Clash with Rush Limbaugh
During the Obama administration, Joe Scarborough has sought to distance himself from certain elements in the Republican Party. He has criticized Republicans such as Rush Limbaugh who have celebrated President Obama's failed bid to bring the 2016 Olympics to Chicago saying that "Republicans have gone off the deep end."  On the October 8, 2009 edition of his radio show, Limbaugh fired back by saying that Scarborough was "doing his best impression of [...] a neutered chickified moderate."  Scarborough responded the next day on Morning Joe, faulting Limbaugh for uncritical loyalty to George W. Bush during the president's tenure in office. Scarborough specifically said that Limbaugh had put his "testicles in a blind trust for George W. Bush for eight years."
MSNBC suspended show host Joe Scarborough without pay from the November 22 and November 23, 2010 broadcasts. It had been discovered that Scarborough had made eight campaign donations to political candidates without management approval during his employment at the channel. This is in violation of NBC News policy, which stipulates that employees must receive permission from the network's president before making campaign contributions. In a written statement, Scarborough said that he agreed with the suspension, apologizing to MSNBC and "to anyone who has been negatively affected by my actions." The suspension followed a similar disciplinary action taken against Keith Olbermann, host of MSNBC's Countdown with Keith Olbermann, who had also made unauthorized political contributions.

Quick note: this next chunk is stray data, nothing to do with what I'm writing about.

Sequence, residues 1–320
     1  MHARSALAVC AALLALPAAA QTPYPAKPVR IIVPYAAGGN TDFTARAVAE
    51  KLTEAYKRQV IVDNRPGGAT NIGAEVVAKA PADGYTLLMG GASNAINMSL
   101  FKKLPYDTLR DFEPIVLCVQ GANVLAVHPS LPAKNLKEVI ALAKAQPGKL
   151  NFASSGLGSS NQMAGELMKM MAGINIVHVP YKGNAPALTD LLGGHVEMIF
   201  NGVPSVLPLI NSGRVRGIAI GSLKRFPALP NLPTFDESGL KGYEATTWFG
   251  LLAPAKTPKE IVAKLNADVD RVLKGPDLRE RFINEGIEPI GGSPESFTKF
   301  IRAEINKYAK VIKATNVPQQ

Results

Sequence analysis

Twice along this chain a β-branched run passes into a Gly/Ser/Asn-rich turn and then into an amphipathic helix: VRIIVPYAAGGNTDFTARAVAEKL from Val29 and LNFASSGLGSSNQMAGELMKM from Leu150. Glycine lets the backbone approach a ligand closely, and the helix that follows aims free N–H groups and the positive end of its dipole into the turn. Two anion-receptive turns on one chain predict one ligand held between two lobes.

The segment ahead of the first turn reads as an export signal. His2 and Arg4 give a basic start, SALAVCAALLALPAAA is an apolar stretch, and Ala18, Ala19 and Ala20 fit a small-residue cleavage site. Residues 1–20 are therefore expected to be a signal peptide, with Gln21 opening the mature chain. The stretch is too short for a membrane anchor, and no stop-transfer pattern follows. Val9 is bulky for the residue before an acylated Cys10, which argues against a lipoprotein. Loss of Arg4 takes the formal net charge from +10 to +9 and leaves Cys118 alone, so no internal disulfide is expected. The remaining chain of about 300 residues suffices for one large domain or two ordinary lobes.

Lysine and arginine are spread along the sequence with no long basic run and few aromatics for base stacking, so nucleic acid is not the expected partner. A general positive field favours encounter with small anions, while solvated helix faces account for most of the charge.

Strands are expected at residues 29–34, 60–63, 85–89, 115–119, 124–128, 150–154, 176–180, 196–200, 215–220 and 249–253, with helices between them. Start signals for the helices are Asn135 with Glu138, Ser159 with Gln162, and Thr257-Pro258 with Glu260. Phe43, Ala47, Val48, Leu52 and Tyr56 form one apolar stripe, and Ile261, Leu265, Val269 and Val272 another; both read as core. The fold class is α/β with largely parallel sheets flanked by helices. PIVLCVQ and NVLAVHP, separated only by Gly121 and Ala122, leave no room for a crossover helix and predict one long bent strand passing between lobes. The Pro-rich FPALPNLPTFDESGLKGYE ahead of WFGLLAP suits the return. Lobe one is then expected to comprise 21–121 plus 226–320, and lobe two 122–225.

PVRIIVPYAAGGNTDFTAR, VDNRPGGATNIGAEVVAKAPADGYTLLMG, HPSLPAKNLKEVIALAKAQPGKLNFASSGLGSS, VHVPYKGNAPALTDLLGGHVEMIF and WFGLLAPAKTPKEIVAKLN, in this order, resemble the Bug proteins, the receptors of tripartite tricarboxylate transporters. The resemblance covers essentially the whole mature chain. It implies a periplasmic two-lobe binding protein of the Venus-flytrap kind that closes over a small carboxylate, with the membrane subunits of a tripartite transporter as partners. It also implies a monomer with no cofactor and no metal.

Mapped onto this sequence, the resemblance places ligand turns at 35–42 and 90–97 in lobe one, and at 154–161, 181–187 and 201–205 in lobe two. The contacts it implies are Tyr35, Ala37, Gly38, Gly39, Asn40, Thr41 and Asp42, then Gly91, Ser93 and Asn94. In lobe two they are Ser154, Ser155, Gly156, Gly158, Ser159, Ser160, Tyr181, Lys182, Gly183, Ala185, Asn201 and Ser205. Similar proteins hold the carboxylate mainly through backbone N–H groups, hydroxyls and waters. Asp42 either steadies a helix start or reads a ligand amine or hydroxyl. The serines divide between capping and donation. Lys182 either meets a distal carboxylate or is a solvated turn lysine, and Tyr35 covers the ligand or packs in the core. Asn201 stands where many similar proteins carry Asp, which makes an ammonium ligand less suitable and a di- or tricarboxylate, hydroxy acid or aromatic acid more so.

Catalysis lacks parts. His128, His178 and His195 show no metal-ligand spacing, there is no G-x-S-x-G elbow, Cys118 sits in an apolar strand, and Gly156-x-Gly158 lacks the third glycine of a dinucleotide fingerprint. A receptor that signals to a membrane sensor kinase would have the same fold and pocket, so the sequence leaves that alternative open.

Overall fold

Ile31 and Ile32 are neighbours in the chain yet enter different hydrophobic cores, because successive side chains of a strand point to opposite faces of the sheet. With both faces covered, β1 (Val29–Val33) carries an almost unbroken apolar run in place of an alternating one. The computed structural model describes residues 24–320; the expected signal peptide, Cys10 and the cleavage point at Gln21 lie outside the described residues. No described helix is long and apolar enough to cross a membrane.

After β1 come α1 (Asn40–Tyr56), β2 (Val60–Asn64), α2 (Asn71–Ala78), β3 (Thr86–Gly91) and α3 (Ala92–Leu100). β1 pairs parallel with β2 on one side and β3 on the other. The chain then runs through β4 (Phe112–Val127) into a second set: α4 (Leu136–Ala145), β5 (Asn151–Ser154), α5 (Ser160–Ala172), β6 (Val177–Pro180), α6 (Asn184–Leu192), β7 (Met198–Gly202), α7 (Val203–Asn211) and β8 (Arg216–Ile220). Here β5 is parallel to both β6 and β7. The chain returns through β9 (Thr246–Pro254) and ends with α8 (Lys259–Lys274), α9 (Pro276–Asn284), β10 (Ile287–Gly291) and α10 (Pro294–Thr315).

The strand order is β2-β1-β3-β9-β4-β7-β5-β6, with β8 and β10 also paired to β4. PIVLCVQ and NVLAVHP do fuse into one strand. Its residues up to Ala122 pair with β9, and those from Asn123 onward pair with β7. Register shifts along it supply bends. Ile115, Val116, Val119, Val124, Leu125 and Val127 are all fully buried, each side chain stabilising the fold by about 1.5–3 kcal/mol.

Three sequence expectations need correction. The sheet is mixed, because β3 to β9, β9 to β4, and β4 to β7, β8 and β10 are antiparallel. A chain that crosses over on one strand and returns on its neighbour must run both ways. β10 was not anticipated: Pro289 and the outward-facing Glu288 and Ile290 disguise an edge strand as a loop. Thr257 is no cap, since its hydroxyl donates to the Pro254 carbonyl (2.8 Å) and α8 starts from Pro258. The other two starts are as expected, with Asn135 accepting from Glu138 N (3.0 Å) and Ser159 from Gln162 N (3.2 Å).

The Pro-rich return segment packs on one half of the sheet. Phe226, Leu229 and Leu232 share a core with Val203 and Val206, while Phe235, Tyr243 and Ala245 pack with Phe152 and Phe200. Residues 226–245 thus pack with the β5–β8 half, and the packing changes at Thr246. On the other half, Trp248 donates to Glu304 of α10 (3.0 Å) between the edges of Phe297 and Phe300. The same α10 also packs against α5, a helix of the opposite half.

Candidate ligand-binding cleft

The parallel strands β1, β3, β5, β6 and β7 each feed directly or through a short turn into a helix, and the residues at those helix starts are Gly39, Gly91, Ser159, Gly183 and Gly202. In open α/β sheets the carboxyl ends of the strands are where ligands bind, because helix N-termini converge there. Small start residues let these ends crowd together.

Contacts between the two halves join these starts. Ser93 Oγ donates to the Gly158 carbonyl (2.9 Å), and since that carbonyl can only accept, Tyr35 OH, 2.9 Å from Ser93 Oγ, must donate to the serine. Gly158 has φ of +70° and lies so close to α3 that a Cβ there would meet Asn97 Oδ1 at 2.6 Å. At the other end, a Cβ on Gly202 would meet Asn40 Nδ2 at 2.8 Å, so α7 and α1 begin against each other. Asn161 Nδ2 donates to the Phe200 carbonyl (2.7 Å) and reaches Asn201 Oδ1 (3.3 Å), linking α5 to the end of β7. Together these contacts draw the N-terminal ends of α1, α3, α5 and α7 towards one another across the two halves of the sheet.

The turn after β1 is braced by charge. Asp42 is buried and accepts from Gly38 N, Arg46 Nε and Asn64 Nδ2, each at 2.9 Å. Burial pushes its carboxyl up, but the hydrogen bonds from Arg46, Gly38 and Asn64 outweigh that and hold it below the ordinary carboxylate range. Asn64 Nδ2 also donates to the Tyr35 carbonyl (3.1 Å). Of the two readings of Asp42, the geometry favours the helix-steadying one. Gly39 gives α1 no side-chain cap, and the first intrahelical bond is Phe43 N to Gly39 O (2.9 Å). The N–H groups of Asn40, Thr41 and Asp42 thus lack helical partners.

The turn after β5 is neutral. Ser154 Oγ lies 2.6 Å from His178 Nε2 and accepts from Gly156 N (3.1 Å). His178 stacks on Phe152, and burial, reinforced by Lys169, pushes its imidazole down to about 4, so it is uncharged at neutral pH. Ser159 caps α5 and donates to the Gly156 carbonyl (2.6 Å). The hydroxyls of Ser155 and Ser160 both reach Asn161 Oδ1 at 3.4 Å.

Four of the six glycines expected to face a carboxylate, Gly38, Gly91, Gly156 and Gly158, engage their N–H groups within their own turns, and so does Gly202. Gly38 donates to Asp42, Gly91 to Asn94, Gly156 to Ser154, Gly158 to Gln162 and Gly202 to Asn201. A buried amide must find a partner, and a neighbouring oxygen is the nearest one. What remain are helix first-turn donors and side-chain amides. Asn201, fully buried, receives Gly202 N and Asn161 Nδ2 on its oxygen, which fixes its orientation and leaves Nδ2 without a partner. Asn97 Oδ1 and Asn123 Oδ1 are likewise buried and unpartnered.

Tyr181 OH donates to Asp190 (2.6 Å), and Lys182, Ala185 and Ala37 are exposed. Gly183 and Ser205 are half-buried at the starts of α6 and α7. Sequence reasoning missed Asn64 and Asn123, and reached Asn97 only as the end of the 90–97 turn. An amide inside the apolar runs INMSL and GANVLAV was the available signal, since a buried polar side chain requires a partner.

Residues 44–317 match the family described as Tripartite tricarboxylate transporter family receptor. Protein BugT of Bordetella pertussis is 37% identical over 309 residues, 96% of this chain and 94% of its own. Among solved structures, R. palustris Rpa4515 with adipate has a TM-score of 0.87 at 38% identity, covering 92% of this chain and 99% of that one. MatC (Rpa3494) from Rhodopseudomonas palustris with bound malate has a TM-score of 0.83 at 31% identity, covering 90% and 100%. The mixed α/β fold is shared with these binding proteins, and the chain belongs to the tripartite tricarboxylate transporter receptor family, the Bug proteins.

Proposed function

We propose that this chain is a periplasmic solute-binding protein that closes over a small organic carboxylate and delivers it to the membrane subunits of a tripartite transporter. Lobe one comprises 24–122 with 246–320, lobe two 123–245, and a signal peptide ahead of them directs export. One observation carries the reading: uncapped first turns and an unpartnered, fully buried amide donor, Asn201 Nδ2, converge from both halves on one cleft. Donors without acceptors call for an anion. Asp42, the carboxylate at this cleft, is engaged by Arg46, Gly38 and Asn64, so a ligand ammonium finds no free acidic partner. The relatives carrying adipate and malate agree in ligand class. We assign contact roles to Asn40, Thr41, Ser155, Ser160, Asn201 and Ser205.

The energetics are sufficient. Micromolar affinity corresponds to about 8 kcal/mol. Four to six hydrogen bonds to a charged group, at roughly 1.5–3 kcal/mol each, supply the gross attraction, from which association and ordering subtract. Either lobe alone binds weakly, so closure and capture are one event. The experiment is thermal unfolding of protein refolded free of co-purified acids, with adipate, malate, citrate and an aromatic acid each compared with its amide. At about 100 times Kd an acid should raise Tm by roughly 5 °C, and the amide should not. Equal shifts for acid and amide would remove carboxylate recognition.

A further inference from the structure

Russell Brand Interview
The Morning Joe episode which aired on June 17, 2013 went viral on the internet hit shortly after actor and comedian Russell Brand was interviewed on the show. He was there, ostensibly, to promote his forthcoming stand-up comedy tour "The Messiah Complex". After being repeatedly referred to in the third person, referred to as "Willy" Brand and talked about "as if he wasn't" there and (as if he was) an extraterrestrial", he took the floor with a scathing commentary on what he perceived as a lack of professionalism and manners demonstrated by the interviewers. He appeared to confuse the other guests with his direct, plain speaking dialogue. In a final apparent attempt to offer an olive branch of humor to the show's host Mika Brzezinski, Brand quipped "this woman is a shaft grasper" after she appeared to nervously, and suggestively, stroke her water bottle.